Warm water, peppermint soap, time alone with a zero percent chance of needing to make snacks for anyone. The conditions were perfect for deep thinking. The other day as I shaved my left leg, to be precise, I saw a scar I got last summer after a nasty bout of molluscum contagiosum (thank you, children). I realized what bad memories came up due to the sight of that scar, and it got me thinking. About all types of scars. About what they mean, truly and metaphorically. About the stories they tell.

For example, my newest scar. I was trying to get dinner on the table before we left for my son’s middle school parent-teacher conferences and noticed some blackberry on my shirt, so I applied the magic trick that gets out berry stain. I leaned over the sink with my shirt held out a bit, and poured boiling water on it. The water ran down the shirt and onto my hand, which hurt, so I yelled and let go, which made the water hit my bare stomach. A lot of pain ensued, as well as blistering skin and the need to wear a giant bandage that stuck out under my shirt (which was now free of berry stain). After a few weeks of burn cream and gauze pads I was left with a scar. I tried various methods to reduce it’s appearance, but it soon became clear that swimsuit season had changed forever.

I’ve racked up a long list of scars over the years: an oval-shaped scar on my knee acquired when I was seven from sliding on thin carpeting, little ones on my hands and wrists from errant knives while cooking or the surprisingly rough edge of the dryer, the stupid ones from mosquito bites scratched to the point of bleeding – they don’t last forever, but they stay through the summer season and really piss me off. And the ironic island-of-Taiwan-shaped scar that used to call my shoulder home (after a scooter accident in…yes, Taiwan.)  But Just as I have lost nearly all of the Chinese language I learned so many years ago, the scar has faded away to nothing.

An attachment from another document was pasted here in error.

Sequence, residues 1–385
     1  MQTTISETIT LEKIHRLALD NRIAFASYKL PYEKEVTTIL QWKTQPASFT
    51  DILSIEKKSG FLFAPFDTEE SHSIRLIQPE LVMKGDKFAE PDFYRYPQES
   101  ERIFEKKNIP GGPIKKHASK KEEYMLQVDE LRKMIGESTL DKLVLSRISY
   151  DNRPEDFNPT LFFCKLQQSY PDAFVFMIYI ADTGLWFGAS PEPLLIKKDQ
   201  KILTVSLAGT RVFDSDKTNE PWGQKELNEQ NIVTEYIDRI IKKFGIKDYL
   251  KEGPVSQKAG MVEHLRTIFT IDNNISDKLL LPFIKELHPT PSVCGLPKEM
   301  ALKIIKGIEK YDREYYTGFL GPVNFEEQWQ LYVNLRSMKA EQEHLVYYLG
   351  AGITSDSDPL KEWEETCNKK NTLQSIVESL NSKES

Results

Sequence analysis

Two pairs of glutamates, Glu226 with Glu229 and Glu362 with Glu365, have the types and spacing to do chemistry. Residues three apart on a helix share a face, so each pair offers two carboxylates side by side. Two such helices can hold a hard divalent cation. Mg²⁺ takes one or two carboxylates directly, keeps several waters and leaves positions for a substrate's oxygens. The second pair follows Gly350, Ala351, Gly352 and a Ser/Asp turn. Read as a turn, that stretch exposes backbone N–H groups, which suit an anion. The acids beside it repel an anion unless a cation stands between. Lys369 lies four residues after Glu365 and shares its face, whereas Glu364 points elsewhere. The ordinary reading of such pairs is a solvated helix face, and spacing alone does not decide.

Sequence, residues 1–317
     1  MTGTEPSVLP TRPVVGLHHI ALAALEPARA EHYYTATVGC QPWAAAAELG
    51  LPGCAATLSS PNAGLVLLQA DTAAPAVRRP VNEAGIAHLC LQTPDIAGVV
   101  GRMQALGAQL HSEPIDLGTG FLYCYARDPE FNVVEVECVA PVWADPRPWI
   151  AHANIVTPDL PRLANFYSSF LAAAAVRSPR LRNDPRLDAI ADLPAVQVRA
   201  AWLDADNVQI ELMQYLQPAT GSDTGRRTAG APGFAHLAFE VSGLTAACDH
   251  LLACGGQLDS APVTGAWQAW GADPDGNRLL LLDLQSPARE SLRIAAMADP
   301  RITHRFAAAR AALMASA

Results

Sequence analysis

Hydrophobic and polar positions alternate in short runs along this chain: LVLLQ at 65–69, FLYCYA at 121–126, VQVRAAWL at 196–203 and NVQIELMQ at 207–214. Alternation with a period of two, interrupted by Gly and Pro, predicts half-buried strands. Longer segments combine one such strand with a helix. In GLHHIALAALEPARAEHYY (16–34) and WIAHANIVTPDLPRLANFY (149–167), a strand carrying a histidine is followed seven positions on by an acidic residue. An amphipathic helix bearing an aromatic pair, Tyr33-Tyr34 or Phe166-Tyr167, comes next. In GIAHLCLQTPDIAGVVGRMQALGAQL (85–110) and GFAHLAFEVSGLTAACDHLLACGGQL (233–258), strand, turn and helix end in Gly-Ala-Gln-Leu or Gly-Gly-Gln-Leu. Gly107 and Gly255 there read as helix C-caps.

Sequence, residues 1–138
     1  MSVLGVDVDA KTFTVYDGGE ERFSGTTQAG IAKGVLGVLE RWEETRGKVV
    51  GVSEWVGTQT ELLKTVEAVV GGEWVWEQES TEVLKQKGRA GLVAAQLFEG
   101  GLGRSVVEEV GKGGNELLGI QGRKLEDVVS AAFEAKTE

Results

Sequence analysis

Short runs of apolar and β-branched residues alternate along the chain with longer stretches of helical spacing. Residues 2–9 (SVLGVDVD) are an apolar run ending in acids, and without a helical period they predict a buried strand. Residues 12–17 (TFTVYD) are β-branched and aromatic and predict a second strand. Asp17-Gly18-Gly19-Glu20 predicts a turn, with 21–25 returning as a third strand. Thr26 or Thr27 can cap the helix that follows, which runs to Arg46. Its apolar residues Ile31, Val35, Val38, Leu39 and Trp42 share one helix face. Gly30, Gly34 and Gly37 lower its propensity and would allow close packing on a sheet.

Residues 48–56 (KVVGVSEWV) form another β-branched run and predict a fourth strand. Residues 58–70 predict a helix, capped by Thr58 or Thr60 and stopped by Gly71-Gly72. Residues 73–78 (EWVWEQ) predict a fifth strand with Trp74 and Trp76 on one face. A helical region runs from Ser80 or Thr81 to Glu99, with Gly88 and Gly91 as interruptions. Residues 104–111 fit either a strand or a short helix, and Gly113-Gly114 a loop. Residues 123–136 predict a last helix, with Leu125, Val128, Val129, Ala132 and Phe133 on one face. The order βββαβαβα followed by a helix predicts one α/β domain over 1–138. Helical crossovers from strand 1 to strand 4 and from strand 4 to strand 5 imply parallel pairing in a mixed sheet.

None of those, however, harken back to anything truly horrible. Some scars bring to mind much worse tales. Scars on bodies, or on hearts from emotional pain and suffering. From the time you learned your jeans were not the cool kind or you realized he didn’t love you back; the day you saw your first fight or the time you were nearly in one; those years you thought your parents might divorce or the minute you considered it yourself. Those kind of scars remind you of their presence in different ways than the ones on your skin. They go deeper, into the soul, and show themselves when the same sort of hurt happens again. Or when you see someone else suffer the same pain. Or even when the fear of that pain haunts your life.

Sometimes those emotional scars come out when you thought they had healed and disappeared. They tend to come up for me when I’m writing. I am often surprised how strongly I feel about a long-ago event that hurt deeply, even after years of time to mend. Sometimes it’s because I didn’t take any measures to make the scar disappear: dealing with the emotions and circumstances head-on, accepting them as part of my story and then sending them off like a lantern to float up and away – putting that emotional neosporine on the wound to help it fade. Sometimes it’s because it was such a deep laceration it will always be with me, like the scar on my knee. I’ve had it for 33 years and it looks the same, but without the fuzz of my green sweat pants stuck inside. It is part of me. If you drew a picture of what Jenea looks like, it would include that scar. Just as a drawing of my emotional being would have to include a few choice moments from junior high (that stuff never dies, man.)

By definition scars generally don’t go away. They are forever reminders of our past mistakes and accidents, of often significant pain, and of disappointment. But I’ve been wondering if I can accept them. If I can let them be a part of my story without hating them for that fact. I’d like to stop fighting them. Just as I’ve accepted the unsightly burn scar on my stomach. Because there’s not a damn thing I can do about it. Go ahead and add it to my picture.

And just as I’ve accepted myself more over the years – my forgetfulness, my poor math skills, my rather tender heart (I went through a period of adopting the Simon and Garfunkel lyrics “I am a rock, I am an island” as my mantra) – I want to accept my scars, emotional and otherwise, into the fold. Not try to hide them. Just let them be what they are – part of my story, part of myself, part of my picture.

Scars are simply a sign of what’s happened to me in the past. They say that I’ve lived. I haven’t spent my life in a bubble but have risked and failed, and their very presence means I made it through. Those marks of old aches – both on the body and in the heart – are more interesting than an airbrushed version. Save that for Glamour Magazine. I’ll take the real, scarred truth any day.